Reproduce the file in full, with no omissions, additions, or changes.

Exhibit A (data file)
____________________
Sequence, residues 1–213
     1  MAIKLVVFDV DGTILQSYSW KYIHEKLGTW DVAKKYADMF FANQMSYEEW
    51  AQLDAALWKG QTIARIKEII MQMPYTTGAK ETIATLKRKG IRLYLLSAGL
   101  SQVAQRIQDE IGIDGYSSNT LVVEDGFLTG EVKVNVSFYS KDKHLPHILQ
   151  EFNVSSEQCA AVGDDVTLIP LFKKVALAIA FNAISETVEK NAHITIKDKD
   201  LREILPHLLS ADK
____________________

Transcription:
Sequence, residues 1–213
     1  MAIKLVVFDV DGTILQSYSW KYIHEKLGTW DVAKKYADMF FANQMSYEEW
    51  AQLDAALWKG QTIARIKEII MQMPYTTGAK ETIATLKRKG IRLYLLSAGL
   101  SQVAQRIQDE IGIDGYSSNT LVVEDGFLTG EVKVNVSFYS KDKHLPHILQ
   151  EFNVSSEQCA AVGDDVTLIP LFKKVALAIA FNAISETVEK NAHITIKDKD
   201  LREILPHLLS ADK